3. How do you miss OEC? Boston is one of select places it reaches an coming off a great appearance at Extreme, you would think they would be on the radar.

    • Mike

      I agree that Tree House should be top 10 MINIMUM.

      • tracymt

        I thought the same exact thing–but then I read they’re going off of availability, which coincides with ‘gansett and Allagash being so high.

  • gregk

    No Fiddlehead?

    • Zack

      the best part of that brewery is Folinos

  • Blatherbeard

    Portsmouth Brewery. one of the best in ne and one of the only ones that had at least 1 beer that people NOT in new england had heard of. (KtG is the only beer outside of ne that ive ever been asked about, i moved to Tx.) Glad to see pretty things and CbC get some attention, even though CbC should be higher on the list as well, IMO. Will also admit, that ive never even HEARD of 90 percent of the list.

    so ymmv and my opinion subject to change.

    😉

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    • sowseeds

      Maybe come back to New England and try some of the 90% you haven’t then your opinion will change. Many of these are semi recent start ups that are putting New England on the map as world class. Tree house should definitely be higher up and Wormtown is missing. I also think Bissell Brothers deserves a spot on this list especially with the release of swish but maybe that’s a better kept secret…whoops.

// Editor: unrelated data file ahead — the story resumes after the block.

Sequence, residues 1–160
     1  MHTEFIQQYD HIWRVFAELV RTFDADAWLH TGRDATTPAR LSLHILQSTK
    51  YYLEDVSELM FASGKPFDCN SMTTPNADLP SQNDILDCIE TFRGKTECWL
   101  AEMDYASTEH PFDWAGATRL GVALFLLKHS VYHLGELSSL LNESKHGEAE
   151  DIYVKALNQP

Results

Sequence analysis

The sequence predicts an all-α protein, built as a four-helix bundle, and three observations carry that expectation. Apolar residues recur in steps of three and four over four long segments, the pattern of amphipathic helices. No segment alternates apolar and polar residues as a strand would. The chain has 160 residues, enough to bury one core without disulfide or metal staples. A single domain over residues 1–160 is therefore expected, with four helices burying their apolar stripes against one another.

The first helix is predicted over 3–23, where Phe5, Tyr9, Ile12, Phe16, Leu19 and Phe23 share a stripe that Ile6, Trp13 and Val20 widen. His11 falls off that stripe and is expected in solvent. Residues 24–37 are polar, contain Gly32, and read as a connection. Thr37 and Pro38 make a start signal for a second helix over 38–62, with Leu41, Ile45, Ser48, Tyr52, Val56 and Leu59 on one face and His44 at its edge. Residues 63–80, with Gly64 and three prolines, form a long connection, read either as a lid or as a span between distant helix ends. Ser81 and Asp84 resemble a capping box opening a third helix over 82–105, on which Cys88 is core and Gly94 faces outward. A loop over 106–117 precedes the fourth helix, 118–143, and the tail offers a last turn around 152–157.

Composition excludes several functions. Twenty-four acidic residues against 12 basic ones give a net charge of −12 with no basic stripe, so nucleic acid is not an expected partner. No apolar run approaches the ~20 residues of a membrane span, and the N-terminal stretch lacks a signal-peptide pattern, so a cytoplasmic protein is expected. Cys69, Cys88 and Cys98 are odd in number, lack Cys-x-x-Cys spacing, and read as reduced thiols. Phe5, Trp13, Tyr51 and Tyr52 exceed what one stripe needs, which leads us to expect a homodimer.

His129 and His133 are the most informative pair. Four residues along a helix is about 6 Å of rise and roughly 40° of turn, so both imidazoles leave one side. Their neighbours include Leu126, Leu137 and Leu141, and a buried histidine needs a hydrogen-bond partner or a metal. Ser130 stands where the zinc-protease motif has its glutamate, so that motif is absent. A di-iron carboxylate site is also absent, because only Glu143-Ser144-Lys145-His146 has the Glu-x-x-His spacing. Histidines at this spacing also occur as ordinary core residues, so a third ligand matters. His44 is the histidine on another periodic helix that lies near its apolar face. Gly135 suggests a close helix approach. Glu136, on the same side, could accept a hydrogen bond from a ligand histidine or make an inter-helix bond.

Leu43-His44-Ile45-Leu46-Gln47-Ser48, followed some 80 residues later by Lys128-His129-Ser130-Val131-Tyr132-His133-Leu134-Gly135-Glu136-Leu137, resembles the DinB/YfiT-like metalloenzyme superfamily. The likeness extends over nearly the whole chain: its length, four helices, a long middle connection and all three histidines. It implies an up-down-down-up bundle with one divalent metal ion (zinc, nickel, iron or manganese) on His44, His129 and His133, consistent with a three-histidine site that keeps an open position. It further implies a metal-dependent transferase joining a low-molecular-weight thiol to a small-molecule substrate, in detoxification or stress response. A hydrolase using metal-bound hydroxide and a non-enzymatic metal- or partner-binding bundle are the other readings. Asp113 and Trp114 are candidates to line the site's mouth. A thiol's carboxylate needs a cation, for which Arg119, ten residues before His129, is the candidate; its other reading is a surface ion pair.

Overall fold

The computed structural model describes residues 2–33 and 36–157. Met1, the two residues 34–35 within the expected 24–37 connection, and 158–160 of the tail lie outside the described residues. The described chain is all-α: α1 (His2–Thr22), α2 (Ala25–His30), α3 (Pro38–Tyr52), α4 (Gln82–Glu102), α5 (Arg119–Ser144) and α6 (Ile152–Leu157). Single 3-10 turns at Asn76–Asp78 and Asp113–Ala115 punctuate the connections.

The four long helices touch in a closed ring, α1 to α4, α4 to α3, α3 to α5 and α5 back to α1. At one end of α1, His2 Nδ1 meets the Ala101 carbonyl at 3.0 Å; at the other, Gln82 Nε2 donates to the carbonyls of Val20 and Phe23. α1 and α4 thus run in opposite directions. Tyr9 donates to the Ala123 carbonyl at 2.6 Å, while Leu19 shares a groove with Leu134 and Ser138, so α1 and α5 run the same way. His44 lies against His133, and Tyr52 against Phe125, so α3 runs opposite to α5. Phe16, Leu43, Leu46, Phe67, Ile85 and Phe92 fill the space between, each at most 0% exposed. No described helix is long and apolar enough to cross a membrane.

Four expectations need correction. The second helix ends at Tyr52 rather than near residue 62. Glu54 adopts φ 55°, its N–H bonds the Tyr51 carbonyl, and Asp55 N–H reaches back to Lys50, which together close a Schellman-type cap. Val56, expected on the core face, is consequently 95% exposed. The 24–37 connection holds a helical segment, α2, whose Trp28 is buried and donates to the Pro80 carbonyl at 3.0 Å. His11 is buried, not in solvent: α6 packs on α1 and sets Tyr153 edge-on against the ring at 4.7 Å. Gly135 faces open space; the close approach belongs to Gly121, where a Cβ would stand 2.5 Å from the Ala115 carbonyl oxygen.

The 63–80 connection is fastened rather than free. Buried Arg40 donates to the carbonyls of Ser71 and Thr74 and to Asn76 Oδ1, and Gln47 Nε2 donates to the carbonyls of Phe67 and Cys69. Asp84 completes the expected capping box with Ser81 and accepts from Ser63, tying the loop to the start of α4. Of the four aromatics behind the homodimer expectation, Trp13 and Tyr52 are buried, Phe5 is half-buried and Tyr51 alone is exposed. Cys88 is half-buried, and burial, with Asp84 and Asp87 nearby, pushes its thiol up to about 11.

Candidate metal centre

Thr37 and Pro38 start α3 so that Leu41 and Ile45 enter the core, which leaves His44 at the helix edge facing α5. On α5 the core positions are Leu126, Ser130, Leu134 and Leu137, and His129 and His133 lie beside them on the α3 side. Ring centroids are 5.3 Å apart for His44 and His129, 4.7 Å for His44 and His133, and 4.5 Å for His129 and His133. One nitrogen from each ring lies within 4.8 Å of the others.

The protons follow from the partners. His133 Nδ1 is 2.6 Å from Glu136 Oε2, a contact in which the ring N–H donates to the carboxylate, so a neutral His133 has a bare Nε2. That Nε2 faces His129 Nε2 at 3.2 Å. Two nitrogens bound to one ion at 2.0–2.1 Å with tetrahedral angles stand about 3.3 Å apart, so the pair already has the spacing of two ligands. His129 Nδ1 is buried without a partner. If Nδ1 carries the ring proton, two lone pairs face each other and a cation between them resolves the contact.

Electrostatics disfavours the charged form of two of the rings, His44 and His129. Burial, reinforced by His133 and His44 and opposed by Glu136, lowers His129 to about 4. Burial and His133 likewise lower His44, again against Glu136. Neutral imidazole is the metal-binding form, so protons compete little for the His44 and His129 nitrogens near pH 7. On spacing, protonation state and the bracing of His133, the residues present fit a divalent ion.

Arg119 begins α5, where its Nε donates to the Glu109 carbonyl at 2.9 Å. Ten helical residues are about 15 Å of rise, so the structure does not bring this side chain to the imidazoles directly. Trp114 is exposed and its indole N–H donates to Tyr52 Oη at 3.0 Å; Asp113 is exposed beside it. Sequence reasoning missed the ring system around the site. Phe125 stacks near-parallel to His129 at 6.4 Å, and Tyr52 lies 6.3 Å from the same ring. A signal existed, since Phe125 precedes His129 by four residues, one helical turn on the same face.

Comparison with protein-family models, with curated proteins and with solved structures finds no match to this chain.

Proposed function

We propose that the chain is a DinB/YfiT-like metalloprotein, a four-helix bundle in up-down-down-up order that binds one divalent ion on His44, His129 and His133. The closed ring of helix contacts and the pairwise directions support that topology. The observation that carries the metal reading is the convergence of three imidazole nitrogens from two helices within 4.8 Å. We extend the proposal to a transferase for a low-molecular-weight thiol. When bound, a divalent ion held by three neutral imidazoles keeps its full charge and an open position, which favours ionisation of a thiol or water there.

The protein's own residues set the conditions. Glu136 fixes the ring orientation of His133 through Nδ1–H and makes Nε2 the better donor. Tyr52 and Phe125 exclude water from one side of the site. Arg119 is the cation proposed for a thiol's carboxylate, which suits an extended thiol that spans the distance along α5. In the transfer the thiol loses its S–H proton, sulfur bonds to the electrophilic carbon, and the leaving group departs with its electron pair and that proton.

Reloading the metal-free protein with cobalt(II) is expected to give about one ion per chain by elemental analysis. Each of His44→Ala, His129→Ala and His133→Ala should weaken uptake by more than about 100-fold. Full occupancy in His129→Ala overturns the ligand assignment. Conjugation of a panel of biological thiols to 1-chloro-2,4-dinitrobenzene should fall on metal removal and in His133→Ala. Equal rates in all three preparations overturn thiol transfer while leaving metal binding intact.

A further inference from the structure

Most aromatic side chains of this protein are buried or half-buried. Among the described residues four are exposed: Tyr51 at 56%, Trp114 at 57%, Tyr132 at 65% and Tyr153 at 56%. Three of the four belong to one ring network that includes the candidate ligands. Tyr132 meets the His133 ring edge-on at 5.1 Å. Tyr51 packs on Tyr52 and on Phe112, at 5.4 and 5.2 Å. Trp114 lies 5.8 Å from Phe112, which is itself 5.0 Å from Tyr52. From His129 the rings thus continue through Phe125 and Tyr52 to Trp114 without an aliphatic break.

• Blatherbeard

        Yeah, i def want to do a beer trip up there one o these days. I did discover Able Ebeneezer last trip up, which was some great beers as well.

      • Dominic Leo

        Swish, dinner, substance , epiphany, lunch,etc

        Not a lot of messing around in maine these days

        Dinner is number 27 top beer in world on beer advocate right now

  • Paul

    Just tried the beers at Medusa Brewery in Hudson. Very impressive. My favorite was the Moffat Scottish 80 Shilling but all the beers we tasted were impressive. 111 Main Street Hudson MA.

  • Mike

    I was not impressed with Medusa. I look for beers that stand out with originality, and Medusa reminded me too much of Amherst Brewery. Bought a growler but won’t refill it with anything they had at their initial opening. Tree House and Trillium have ruined me for beers that taste like every one else’s. I also like Pretty Things Meadowlark enough to buy it regularly at Julio’s.